Fate in Romeo And Juliet

Topics: Romeo and Juliet, Characters in Romeo and Juliet, Love Pages: 3 (746 words) Published: November 9, 2013
From the outset of the play the chorus calls Romeo and Juliet "star-crossed lovers" and the frequent foreshadowing of fate creates the sense that destiny shall claim superiority. All events surrounding the lovers such as: the feud between the two families, the horrible series of accidents that ruin Friar's well-intentioned plans, the tragic timing of Romeo's suicide and Juliet's awakening all work in the hands of fate. These events also contribute to the outcome of the young lovers death. 

  

Even though Romeo and Juliet were helpless victims of fate, they were also agents of fate. This is evident after Romeo kills Tybalt he reacts by saying: "O I am fortunes fool" yet it is due to Romeo's impetuous nature that led to this calamity. Again, Romeo exhibits this weakness before going to the Capulet feast he says: "Some consequence yet hanging in the stars, Shall bitterly begin this fearful date...by some vile forfeit of untimely death..." 

  

We see Juliet's acceptance to the fact that the heavens are against Romeo and Juliet's relationship when Capulet forces her to marry Paris, she says: "Is there no piety sitting in the clouds that sees into the bottom of my grief?"  This is also evident when the nurse betrays Juliet, she cries: "Alack...heaven practice stratagems upon so soft a subject as myself."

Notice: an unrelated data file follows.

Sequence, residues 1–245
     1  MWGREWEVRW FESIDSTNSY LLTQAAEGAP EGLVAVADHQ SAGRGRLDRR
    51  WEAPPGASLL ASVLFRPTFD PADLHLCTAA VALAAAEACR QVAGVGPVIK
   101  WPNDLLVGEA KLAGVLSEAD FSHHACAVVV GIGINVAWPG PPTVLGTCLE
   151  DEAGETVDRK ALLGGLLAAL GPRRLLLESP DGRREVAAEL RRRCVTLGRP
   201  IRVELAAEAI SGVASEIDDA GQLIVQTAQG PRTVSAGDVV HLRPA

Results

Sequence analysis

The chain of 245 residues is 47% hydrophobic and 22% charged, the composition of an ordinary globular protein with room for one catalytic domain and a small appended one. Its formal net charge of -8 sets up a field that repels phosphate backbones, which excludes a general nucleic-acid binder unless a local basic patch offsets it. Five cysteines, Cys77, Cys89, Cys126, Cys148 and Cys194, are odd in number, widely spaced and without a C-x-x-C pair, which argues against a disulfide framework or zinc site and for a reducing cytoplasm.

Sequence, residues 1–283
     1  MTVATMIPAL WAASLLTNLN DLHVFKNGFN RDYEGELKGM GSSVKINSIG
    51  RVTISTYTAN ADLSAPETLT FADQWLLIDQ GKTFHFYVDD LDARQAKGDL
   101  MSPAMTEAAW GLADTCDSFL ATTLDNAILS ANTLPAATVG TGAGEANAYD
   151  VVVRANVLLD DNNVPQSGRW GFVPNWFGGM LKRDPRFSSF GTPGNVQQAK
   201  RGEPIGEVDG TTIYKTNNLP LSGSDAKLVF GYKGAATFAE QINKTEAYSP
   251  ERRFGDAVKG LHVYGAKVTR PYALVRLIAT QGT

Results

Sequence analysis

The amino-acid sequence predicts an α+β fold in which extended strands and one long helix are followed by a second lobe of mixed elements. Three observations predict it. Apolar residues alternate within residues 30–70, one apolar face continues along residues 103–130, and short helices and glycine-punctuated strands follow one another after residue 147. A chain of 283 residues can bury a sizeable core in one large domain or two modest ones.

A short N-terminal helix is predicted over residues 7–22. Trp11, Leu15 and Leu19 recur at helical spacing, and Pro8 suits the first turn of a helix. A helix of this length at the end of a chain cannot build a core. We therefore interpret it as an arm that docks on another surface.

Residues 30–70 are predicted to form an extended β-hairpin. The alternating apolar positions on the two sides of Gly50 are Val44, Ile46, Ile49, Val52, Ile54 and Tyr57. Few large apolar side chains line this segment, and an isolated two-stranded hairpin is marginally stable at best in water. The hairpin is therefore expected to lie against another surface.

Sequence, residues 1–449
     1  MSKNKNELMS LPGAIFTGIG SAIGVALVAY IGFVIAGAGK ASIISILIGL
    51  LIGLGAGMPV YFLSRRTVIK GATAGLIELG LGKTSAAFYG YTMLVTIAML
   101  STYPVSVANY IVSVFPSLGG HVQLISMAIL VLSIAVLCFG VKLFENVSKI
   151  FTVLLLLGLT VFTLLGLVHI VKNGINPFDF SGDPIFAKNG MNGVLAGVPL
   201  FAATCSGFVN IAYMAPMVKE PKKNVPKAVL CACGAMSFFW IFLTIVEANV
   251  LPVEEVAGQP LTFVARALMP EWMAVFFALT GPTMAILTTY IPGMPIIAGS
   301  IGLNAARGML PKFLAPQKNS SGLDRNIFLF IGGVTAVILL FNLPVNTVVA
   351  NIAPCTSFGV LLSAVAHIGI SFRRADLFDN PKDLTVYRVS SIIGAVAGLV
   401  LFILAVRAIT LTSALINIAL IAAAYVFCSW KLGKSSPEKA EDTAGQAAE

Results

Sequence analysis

The generation gap between Romeo and Juliet and their parents is one of the chief functions leading to the tragedy. This is observed when Juliet refuses to marry Paris, Capulet insults her   by calling her "green sickness carrion!"  Romeo and Juliet could not confide in their parents about their love. We see this in the opening of the play, Montague finds it difficult to understand Romeo and he tells Benvolio: "both by myself and many other friends.  His own affections counsel are to himself." 

  

The powerful nature of Romeo and Juliet's love is also a prime factor that leads to the tragedy. This is evident at the feast when Tybalt sees...
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